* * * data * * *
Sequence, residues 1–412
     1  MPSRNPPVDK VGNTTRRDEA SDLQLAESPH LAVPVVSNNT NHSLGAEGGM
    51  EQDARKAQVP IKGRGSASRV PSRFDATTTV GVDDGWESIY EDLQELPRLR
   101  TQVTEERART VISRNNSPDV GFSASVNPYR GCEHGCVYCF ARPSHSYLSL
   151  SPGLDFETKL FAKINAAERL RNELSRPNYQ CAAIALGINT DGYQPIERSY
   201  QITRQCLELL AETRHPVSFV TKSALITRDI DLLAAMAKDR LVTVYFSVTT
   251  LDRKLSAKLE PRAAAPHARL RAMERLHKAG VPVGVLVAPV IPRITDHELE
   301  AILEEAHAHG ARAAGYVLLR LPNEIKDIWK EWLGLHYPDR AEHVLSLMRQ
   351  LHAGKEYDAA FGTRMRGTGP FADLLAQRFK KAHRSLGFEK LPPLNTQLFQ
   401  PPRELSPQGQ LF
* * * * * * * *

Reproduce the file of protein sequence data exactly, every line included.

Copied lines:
Sequence, residues 1–412
     1  MPSRNPPVDK VGNTTRRDEA SDLQLAESPH LAVPVVSNNT NHSLGAEGGM
    51  EQDARKAQVP IKGRGSASRV PSRFDATTTV GVDDGWESIY EDLQELPRLR
   101  TQVTEERART VISRNNSPDV GFSASVNPYR GCEHGCVYCF ARPSHSYLSL
   151  SPGLDFETKL FAKINAAERL RNELSRPNYQ CAAIALGINT DGYQPIERSY
   201  QITRQCLELL AETRHPVSFV TKSALITRDI DLLAAMAKDR LVTVYFSVTT
   251  LDRKLSAKLE PRAAAPHARL RAMERLHKAG VPVGVLVAPV IPRITDHELE
   301  AILEEAHAHG ARAAGYVLLR LPNEIKDIWK EWLGLHYPDR AEHVLSLMRQ
   351  LHAGKEYDAA FGTRMRGTGP FADLLAQRFK KAHRSLGFEK LPPLNTQLFQ
   401  PPRELSPQGQ LF